Election minus five weeks

Candidates on both sides of the aisle drop out of contention, Peter Dutton suffers a self-inflicted wound in Dickson, and Shooters Fishers and Farmers rein in their expectations.

Two days in the campaign, and already much to relate:

• Labor’s audacious gambit of running former Fremantle MP Melissa Parke in Curtin has proved short-lived, after a controversy brewed over comments she had made critical of Israel. Parke announced her withdrawal after the Herald Sun presented the Labor campaign with claims she had told a meeting of WA Labor for Palestine that she could “remember vividly” – presumably not from first-hand experience – a pregnant refugee being ordered to drink bleach at a Gaza checkpoint. Parke is also said to have spoken of Israel’s “influence in our political system and foreign policy”, no doubt bringing to the party hierarchy’s mind the turmoil that has lately engulfed the British Labour Party in relation to such matters. In her statement last night, Parke said her views were “well known, but I don’t want them to be a running distraction from electing a Labor government”. James Campbell of the Herald Sun notes the forum was also attended by Parkes’ successor in Fremantle, Josh Wilson.

• Meanwhile, Liberal Party vetting processes have caused the withdrawal on Section 44 grounds of three candidates in who-cares seats in Melbourne. They are Cooper candidate Helen Jackson, who dug her heels in when told her no-chance candidacy required her to abandon her job at Australia Post, so that the integrity of executive-legislative relations might be preserved; Lalor candidate Kate Oski, who is in danger of being Polish; and Wills candidate Vaishali Ghosh, who was, as The Age put it in a report I hope no one from overseas reads, “forced to step aside over her Indian heritage”.

• Peter Dutton has been under fire for his rhetorical overreach against Ali France, the Labor candidate in his marginal seat of Dickson. Dutton accused France, who had her leg amputated after being hit by a car in 2011, of “using her disability as an excuse” for not moving into the electorate. France lives a short distance outside it, and points to the $100,000 of her compensation money she has spent making her existing home fully wheelchair accessible. Labor has taken the opportunity to point to Dutton’s failed attempt from 2009 to move to the safer seat of McPherson on the Gold Coast, where he owns a $2.3 million beachside holiday home, and by all accounts spends a great deal of his time. Dutton refused to apologise for the comments yesterday, while Scott Morrison baselessly asserted that they were taken out of context.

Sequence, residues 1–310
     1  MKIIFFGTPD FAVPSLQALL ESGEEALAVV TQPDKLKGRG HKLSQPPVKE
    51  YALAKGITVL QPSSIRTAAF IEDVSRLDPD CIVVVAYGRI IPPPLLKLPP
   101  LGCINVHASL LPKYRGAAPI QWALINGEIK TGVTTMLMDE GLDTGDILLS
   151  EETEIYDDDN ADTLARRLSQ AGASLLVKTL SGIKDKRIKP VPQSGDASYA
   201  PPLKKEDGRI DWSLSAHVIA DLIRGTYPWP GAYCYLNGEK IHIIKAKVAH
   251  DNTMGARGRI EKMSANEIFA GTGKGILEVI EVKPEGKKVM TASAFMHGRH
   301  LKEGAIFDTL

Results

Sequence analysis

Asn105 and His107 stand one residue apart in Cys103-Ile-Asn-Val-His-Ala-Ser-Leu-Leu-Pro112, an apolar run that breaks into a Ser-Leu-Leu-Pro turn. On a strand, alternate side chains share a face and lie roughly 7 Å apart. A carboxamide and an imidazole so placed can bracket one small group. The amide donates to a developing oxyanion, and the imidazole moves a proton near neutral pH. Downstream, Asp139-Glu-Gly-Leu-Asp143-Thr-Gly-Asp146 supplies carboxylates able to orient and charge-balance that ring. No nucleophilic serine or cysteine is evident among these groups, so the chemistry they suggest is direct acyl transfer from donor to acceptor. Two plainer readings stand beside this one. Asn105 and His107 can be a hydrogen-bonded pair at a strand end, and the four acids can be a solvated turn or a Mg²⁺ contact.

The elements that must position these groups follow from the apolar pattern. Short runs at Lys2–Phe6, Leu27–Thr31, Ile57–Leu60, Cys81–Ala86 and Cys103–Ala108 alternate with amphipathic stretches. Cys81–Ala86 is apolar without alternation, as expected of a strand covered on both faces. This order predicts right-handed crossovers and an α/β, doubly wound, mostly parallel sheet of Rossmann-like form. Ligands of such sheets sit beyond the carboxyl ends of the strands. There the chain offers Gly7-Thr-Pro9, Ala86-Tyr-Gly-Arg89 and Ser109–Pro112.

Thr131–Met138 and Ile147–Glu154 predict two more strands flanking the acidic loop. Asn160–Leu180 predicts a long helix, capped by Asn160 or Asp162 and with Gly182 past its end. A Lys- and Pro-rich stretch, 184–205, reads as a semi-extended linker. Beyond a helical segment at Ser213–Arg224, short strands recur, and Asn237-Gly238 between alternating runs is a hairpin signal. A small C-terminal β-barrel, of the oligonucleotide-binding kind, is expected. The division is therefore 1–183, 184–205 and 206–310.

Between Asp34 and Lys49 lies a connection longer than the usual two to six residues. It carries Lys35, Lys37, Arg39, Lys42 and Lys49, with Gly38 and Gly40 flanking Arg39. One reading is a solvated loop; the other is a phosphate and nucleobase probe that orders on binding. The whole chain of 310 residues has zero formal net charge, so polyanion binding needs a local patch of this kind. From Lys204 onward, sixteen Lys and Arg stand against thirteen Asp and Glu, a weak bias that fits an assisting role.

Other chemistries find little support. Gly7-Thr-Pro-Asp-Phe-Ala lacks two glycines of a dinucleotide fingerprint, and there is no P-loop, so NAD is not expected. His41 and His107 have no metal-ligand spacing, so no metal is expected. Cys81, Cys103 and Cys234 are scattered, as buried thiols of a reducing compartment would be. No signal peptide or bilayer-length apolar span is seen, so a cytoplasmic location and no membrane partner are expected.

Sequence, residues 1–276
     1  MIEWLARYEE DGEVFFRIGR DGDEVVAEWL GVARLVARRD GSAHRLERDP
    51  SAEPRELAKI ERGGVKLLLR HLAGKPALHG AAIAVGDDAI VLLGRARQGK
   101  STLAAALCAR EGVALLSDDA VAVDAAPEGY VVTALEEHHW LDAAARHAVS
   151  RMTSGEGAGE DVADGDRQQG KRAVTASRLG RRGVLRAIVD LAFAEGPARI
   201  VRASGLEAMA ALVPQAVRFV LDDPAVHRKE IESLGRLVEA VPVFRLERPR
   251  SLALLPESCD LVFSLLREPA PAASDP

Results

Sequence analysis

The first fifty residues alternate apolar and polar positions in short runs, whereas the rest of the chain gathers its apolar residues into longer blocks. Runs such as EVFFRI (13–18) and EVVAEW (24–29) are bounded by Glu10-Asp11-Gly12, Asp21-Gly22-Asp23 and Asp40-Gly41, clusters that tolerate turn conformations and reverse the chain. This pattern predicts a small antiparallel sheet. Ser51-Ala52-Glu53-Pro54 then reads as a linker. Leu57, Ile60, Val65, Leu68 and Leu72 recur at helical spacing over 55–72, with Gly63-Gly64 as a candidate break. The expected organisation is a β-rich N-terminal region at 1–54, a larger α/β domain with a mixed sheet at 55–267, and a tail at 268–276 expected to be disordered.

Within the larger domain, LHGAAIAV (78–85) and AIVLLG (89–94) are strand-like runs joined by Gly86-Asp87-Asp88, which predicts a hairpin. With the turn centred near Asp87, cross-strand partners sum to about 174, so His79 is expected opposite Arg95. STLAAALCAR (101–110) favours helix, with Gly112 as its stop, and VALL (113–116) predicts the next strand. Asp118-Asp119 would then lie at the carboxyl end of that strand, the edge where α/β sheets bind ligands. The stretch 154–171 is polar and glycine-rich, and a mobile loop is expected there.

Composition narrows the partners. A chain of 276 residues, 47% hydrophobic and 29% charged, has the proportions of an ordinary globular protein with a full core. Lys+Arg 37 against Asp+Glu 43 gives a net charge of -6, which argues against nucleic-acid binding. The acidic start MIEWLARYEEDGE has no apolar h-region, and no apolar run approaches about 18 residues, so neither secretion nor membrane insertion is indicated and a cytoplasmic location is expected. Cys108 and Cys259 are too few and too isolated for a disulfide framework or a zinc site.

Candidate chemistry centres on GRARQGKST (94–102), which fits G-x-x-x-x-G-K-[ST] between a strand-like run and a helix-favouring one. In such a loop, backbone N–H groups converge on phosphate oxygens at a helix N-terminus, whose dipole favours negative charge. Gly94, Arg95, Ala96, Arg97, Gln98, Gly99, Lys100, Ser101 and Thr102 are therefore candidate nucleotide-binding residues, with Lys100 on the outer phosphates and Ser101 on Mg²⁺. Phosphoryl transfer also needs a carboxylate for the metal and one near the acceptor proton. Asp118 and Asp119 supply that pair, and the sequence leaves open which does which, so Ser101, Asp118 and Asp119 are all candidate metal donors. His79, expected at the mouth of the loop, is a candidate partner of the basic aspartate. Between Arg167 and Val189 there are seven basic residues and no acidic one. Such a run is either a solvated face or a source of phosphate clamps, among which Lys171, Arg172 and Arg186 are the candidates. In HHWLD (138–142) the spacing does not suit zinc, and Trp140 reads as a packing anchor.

Greg Brown of The Australian reports Robert Borsak, leader of Shooters Fishers and Farmers and one of the party’s state upper house MPs, concedes the party is struggling to recruit candidates, and will not repeat its state election feat of winning seats in the lower house. Nonetheless, it has Orange deputy mayor Sam Romano lined up as its candidate for Calare and plans to run in Eden-Monaro, Parkes and possibly New England. This follows suggestions the party might pose a threat to the Nationals in Parkes and Farrer, which largely correspond with the state seats of Barwon and Murray, which the party won at last month’s state election. Calare encompasses Orange, which Shooters have held since a November 2016 by-election.

• “I don’t trust our polling at all”, says “a senior federal Liberal MP” cited by John Ferguson in The Australian, apropos the party’s prospects in Victoria. It is not clear if the source was being optimistic or pessimistic, but the report identifies a range of opinion within the Liberal camp extending from only two or three losses in Victoria – likewise identified as a “worst case scenario” by Labor sources – to as many as seven.

Author: William Bowe

William Bowe is a Perth-based election analyst and occasional teacher of political science. His blog, The Poll Bludger, has existed in one form or another since 2004, and is one of the most heavily trafficked websites on Australian politics.

1,433 comments on “Election minus five weeks”

  1. Andrew_Earlwood @ #1327 Sunday, April 14th, 2019 – 8:13 pm

    “As Joe Pesci said in Casino, the Greens might as well say to the ALP …”

    Hmmm. Casino … that was the movie where the Pesci character ended up buried alive with his brother having had every bone in his body broken by baseball bats, right? One might think that a fitting (political) end for the Wiggle. …

    I’d be happy for the Greens to work with Labor to improve its legislation – you know, like buffing out the dents in a car fender, or changing over the chrome details. Perhaps even undertaking an upgrade to the camshafts. BUT NOT REPLACING IT FOR A WHOLE NEW FRACKING CAR!!!

    Politics in this country is broken. There is next to zero trust in the political process. Governemnts being elected promising one thing and then deleting another – surprise! – is the single biggest reason for that antipathy. The best thing that could ever happen to restore trust is for the next Labor government to deliver its promises. Especially on climate change. No matter how inadequate the Greens think they are. Restore trust and then insist Labor be bolder in its next term. Labor would actually go along with that and I reckon so would the public and guess what we’d have: public progress that actually sticks. Endures. Lasts. Huzzah.